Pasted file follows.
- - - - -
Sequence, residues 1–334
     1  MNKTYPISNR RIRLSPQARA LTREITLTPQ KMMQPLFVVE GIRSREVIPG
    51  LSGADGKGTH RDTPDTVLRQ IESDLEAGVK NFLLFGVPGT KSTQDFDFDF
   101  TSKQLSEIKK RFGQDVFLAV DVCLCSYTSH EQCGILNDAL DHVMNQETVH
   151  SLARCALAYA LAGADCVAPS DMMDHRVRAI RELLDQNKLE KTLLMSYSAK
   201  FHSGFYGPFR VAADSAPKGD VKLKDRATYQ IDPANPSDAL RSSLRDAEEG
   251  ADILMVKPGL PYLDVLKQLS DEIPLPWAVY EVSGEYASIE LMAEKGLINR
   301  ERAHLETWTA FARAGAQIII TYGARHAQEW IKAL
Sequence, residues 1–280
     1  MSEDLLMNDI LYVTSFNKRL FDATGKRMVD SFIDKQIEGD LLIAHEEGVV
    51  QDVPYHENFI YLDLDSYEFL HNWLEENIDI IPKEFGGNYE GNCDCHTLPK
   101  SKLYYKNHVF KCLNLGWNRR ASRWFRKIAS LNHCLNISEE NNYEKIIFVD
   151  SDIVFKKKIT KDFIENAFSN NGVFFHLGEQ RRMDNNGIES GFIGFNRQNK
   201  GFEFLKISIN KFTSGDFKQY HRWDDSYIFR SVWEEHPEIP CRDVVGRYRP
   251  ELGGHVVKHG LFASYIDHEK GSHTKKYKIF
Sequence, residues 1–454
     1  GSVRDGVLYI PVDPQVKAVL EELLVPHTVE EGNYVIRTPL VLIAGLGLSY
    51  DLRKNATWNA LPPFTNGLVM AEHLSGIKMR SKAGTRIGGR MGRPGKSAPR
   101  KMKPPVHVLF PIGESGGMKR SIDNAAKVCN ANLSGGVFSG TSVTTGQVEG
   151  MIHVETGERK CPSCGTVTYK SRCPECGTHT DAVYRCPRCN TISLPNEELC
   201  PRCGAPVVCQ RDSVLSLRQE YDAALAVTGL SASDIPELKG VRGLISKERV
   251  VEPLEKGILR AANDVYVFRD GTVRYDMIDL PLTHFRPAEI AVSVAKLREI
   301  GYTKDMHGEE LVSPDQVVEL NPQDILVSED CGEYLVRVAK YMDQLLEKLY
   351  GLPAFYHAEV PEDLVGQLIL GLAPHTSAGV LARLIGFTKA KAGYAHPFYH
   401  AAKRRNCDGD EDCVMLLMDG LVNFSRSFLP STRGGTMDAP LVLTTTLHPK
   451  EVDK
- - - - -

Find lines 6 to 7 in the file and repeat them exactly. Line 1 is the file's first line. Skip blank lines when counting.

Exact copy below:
   201  FHSGFYGPFR VAADSAPKGD VKLKDRATYQ IDPANPSDAL RSSLRDAEEG
   251  ADILMVKPGL PYLDVLKQLS DEIPLPWAVY EVSGEYASIE LMAEKGLINR